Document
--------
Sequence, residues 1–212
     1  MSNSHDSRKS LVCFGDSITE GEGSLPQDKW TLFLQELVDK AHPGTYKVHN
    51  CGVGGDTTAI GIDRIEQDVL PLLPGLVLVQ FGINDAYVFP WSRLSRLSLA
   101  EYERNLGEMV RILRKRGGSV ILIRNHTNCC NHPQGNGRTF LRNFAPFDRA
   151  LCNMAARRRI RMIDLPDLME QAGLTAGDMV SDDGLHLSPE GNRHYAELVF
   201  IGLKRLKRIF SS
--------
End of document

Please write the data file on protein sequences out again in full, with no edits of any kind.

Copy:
Sequence, residues 1–212
     1  MSNSHDSRKS LVCFGDSITE GEGSLPQDKW TLFLQELVDK AHPGTYKVHN
    51  CGVGGDTTAI GIDRIEQDVL PLLPGLVLVQ FGINDAYVFP WSRLSRLSLA
   101  EYERNLGEMV RILRKRGGSV ILIRNHTNCC NHPQGNGRTF LRNFAPFDRA
   151  LCNMAARRRI RMIDLPDLME QAGLTAGDMV SDDGLHLSPE GNRHYAELVF
   201  IGLKRLKRIF SS